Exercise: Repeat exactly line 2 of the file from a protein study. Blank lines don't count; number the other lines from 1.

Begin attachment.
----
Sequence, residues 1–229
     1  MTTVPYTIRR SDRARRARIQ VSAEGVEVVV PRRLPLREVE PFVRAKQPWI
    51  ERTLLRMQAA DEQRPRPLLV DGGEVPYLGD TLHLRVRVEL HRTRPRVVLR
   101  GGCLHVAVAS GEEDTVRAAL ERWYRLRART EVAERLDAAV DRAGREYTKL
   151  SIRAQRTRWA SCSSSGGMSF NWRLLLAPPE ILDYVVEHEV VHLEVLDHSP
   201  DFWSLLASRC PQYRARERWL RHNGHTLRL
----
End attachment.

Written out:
     1  MTTVPYTIRR SDRARRARIQ VSAEGVEVVV PRRLPLREVE PFVRAKQPWI